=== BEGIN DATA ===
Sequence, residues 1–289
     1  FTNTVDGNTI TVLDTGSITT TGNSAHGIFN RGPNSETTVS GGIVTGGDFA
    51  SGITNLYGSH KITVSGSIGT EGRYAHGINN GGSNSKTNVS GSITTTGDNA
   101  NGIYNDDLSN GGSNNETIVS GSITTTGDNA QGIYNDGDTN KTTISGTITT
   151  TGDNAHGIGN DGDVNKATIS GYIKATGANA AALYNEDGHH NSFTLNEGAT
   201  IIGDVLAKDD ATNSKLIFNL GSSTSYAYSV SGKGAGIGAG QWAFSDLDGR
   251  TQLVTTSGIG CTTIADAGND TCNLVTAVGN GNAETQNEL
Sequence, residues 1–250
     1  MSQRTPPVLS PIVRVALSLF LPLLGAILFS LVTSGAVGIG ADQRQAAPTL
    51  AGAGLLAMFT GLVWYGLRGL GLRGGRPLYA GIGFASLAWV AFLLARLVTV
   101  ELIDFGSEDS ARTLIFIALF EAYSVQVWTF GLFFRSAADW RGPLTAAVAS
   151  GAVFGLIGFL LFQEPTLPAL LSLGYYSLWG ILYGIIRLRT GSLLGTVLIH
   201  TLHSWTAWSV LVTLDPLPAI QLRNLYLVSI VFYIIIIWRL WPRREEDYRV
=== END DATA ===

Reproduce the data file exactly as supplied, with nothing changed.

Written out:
Sequence, residues 1–289
     1  FTNTVDGNTI TVLDTGSITT TGNSAHGIFN RGPNSETTVS GGIVTGGDFA
    51  SGITNLYGSH KITVSGSIGT EGRYAHGINN GGSNSKTNVS GSITTTGDNA
   101  NGIYNDDLSN GGSNNETIVS GSITTTGDNA QGIYNDGDTN KTTISGTITT
   151  TGDNAHGIGN DGDVNKATIS GYIKATGANA AALYNEDGHH NSFTLNEGAT
   201  IIGDVLAKDD ATNSKLIFNL GSSTSYAYSV SGKGAGIGAG QWAFSDLDGR
   251  TQLVTTSGIG CTTIADAGND TCNLVTAVGN GNAETQNEL
Sequence, residues 1–250
     1  MSQRTPPVLS PIVRVALSLF LPLLGAILFS LVTSGAVGIG ADQRQAAPTL
    51  AGAGLLAMFT GLVWYGLRGL GLRGGRPLYA GIGFASLAWV AFLLARLVTV
   101  ELIDFGSEDS ARTLIFIALF EAYSVQVWTF GLFFRSAADW RGPLTAAVAS
   151  GAVFGLIGFL LFQEPTLPAL LSLGYYSLWG ILYGIIRLRT GSLLGTVLIH
   201  TLHSWTAWSV LVTLDPLPAI QLRNLYLVSI VFYIIIIWRL WPRREEDYRV